Saturday, April 19, 2008

late night post from Yerevan Armenia

I arrived safe and sound in Yerevan on the 16th. Finding a fast internet connection was a challenge but I have found the right spot and it is 3 blocks from where I'm staying. Shot the female cop image- a detail from an advertisement for a nightclub, and the image with man and woman in the glasses in Yerevan my first day wondering around. The Mermaid is from the shores of lake Servan. Now Armenia is represented in my sign painting series. Like elsewhere in the world when I stopped to take shots of the signs people looked at me suspiciously wondering what I was up to. I think people don't notice signs they walk by on a daily basis, or the ones they drive by quickly. They stop me in my tracks, but I guess I am hunting for new ones all the time.  Yerevan is a gritty yet elegant city. Tomorrow I will check out a fleamarket and make my way to the genocide museum.  Now i'll head back and get some sleep happy to know I can upload a lengthier entry soon. The contrast between old and new is extreme here. I will post more images soon.

Sunday, April 13, 2008

19 dead American soldiers the week ending today in Iraq

This last week was the bloodiest week for US soldiers in Iraq to date this year, the headlines read this morning. I started thinking of Arlington West in Santa Monica where crosses for each of the dead are set up in the sand.  It has been almost a year since I last took photos there. 19 symbolic coffins would have been carried out this morning and taken away again at sunset. The number of dead "19" would have been written on the sign that changes weekly with the weekly death count. I looked through some of my old shots and found one that would match the sign on the beach today, and decided to post it. I shot these two images at Arlington West on the week ending on Christmas day 2006. More of my work from Arlington west can be seen on my website  Hasn't Bush claiming that the surge is going well? I guess well is a relative term.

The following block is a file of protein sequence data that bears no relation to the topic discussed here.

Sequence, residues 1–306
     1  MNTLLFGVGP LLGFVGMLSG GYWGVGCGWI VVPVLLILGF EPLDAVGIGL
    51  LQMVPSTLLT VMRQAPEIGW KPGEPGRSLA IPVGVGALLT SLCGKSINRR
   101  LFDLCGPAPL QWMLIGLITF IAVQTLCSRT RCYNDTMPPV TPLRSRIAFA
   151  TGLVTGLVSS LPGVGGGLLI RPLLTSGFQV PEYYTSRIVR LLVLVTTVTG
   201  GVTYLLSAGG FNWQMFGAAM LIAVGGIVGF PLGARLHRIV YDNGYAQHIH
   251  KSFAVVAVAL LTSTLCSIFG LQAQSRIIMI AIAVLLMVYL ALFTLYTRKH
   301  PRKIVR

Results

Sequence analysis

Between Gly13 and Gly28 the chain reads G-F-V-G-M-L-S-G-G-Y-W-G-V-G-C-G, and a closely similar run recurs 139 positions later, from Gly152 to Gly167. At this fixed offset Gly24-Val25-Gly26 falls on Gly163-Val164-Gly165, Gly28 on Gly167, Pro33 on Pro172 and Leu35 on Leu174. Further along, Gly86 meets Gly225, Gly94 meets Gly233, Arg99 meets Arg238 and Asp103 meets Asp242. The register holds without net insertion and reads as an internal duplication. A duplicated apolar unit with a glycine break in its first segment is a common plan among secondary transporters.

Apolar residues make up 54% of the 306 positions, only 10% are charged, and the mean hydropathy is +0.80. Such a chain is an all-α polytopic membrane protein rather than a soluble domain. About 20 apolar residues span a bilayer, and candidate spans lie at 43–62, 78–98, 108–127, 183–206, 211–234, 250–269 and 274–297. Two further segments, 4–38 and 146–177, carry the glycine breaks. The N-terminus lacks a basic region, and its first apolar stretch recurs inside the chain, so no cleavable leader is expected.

Two films on the Armenian Genocide and meeting an anti-Semite in Las Vegas

I met the man in the top image last November in Las Vegas, at the Rio Casino. A mime by profession, in this instance dressed as Charlie Chaplin . He noticed me working and flirted with me since he considered me to be a fellow artist. The Rio puts on a free racy stage show, with scantly clad dancers performing badly choreographed dance routines every half hour on the hour from 5. till 10. The mime, invited me to go out with him after work. He tried to impress me with his intelligence and started to talk about politics while spewing his anti-Semitic beliefs. "The Jews control everything", "the richest Jews left Europe and came to the USA from where they helped start the Holocaust". I have heard many racist comments but this one was new to me. I’m pretty sure it hadn’t occurred to him that I was Jewish. That or he wanted to get a rise out of me I’m not sure. I was not expecting to start up intellectually stimulating conversations with strangers in Las Vegas; my only intention was to shoot a new portfolio worth of work. Listening to anti- Semitic conspiracy theories, I can do with out. This man’s random rantings reminded me how ingrained anti-Semitism and racism are in our culture.